Kyubey is arguably the most prestigious and well known of all the sushi houses in Tokyo. Founded in 1936 by the father of the current owner, Yosuke Imada, it is the place where “gunkan-maki”, the wraparound style of sushi used to serve soft toppings such as sea urchin and fish roe, was invented. It has steadily expanded from its original location in Ginza, which we visited, to now seven restaurants in total, yet still manages to maintain a reputation for serving some of the finest sushi in the world. The evening we visited Kyubey always promised to be the culinary highlight of our trip, and the venerable institution did not disappoint.
The restaurant is sectioned into a number of sushi bars each seating around 10 people, allowing for an intimate experience despite the rather large 5-floor venue. We were presented with a few set menu choices, all in Japanese, and not able to read any of it, simply went for the most expensive option – no sense in skimping having travelled all the way here, and on the cusp of possibly the best sushi meal of our lives.
Before I start waxing lyrical, I should say that not every single dish was a success – the sea cucumber was rock hard and nearly impossible to eat. But that was, literally, my only complaint. Everything else was the highest quality, freshest version of that dish I have ever had - hardly surprising considering Kyubey’s long-standing reputation for securing the very best fish available. The tuna auctions at Tokyo’s Tsukiji Market have become famous the world over – restaurant owners go every morning to bid for the highest quality fish. In January of this year, the most expensive fish ever sold at the auction was recorded – a 342kg bluefin tuna caught off the coast of Hokkaido going for ¥32.49 million (£250,000) to none other than Kyubey (in partnership with the Itamae Sushi chain in Hong Kong). The most expensive fish of 2010 was also purchased, partly, by Kyubey, as was the most expensive tuna of 2009. It’s a common theme.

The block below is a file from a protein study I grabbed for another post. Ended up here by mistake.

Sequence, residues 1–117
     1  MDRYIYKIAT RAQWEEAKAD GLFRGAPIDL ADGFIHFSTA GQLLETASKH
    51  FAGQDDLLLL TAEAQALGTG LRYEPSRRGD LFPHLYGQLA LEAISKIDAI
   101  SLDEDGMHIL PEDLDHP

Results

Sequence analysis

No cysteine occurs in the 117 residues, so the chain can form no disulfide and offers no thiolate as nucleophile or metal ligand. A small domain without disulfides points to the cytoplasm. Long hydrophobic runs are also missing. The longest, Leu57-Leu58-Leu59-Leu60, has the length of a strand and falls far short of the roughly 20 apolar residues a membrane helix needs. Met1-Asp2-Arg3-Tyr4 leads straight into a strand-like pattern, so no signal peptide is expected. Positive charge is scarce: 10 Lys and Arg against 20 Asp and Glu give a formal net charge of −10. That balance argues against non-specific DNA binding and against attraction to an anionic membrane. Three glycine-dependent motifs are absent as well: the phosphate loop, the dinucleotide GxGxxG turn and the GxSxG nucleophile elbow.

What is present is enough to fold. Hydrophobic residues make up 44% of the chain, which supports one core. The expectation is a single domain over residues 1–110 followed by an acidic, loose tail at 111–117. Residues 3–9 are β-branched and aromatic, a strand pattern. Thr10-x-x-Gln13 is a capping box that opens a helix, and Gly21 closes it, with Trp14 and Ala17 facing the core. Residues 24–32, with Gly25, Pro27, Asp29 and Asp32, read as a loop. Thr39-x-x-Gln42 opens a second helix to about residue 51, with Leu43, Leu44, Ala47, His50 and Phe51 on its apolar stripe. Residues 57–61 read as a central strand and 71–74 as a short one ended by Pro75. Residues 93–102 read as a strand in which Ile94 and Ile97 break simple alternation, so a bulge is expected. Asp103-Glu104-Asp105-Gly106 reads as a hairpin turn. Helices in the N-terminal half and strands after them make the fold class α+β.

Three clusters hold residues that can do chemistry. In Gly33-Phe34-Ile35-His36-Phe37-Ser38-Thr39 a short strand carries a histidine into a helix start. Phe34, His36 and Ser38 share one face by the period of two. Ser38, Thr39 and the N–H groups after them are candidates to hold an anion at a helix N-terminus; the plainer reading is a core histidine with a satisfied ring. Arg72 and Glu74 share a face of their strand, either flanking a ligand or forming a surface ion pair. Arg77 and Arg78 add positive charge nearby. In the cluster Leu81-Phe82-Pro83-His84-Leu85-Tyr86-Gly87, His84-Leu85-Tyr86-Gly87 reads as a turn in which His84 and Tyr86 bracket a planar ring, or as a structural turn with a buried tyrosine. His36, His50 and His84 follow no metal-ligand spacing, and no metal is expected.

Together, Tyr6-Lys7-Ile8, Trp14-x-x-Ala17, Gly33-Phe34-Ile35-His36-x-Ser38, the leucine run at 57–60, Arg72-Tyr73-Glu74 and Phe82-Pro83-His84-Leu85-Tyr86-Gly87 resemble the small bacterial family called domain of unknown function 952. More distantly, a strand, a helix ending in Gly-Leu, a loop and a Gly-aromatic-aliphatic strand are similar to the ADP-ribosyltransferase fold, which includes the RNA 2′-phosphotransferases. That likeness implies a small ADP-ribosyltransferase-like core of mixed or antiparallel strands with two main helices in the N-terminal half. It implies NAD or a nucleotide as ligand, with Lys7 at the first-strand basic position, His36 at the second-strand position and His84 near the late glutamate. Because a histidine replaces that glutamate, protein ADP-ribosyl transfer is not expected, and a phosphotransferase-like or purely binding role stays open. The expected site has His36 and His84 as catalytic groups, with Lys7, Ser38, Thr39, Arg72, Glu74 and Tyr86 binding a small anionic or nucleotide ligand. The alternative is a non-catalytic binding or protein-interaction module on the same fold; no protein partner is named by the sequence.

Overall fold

Though the tuna we had that evening didn’t come from a record-setting fish, it was still the best available, of that we could be assured. And it was simply divine. The o-toro – fatty tuna, presented first as sashimi, and later as nigiri, was so incredibly creamy, it just melted in the mouth. The uni – sea urchin served of course, as it is now across the world, in the form of Kyubey’s own “gunkan-maki”, was equally amazing. Sea urchin is probably the sushi topping most sensitive to a lack of freshness. Needless to say, Kyubey’s version did not contain the slightest hint of fishiness, and was creamier than any I have had before.
Another highlight was the odori ebi – dancing prawn, so named because it is eaten while still alive. The prawns were extraordinarily sweet and had a very unique texture, unlike anything I have ever eaten before. The heads of the prawns were then grilled until crisp enough just to pop into the mouth and eat completely. Also served grilled was the anago – sea eel, done beautifully and perfectly seasoned. Other standout items included the aori-ika – squid, aji – horse mackerel, and the striking akagai – red clam nigiri.
It was an absolute pleasure and privilege to watch the chefs at work. Their remarkable knife skills, and the care with each perfectly formed piece of sushi was crafted was truly a joy to behold. Midway through the meal, Imada-san himself, donning a chef’s uniform with the name “Mr Kyubey” emblazoned on the front in case anyone was to be in any doubt that he was the boss, stopped by for a brief chat, and was more than happy to indulge us with a photo, and a signed copy of a Wall Street Journal article on the restaurant.
In a nutshell…
This was a special, transcendent meal that had everything – an intimate, personal experience; a wonderful sense of theatre from watching master chefs practise their craft; and most importantly, some of the best sushi anywhere on the planet.
8-7-6 Ginza, Chuo-ku, Tokyo
+81 3 35716523
Average Price: ¥20,000
1 Michelin Star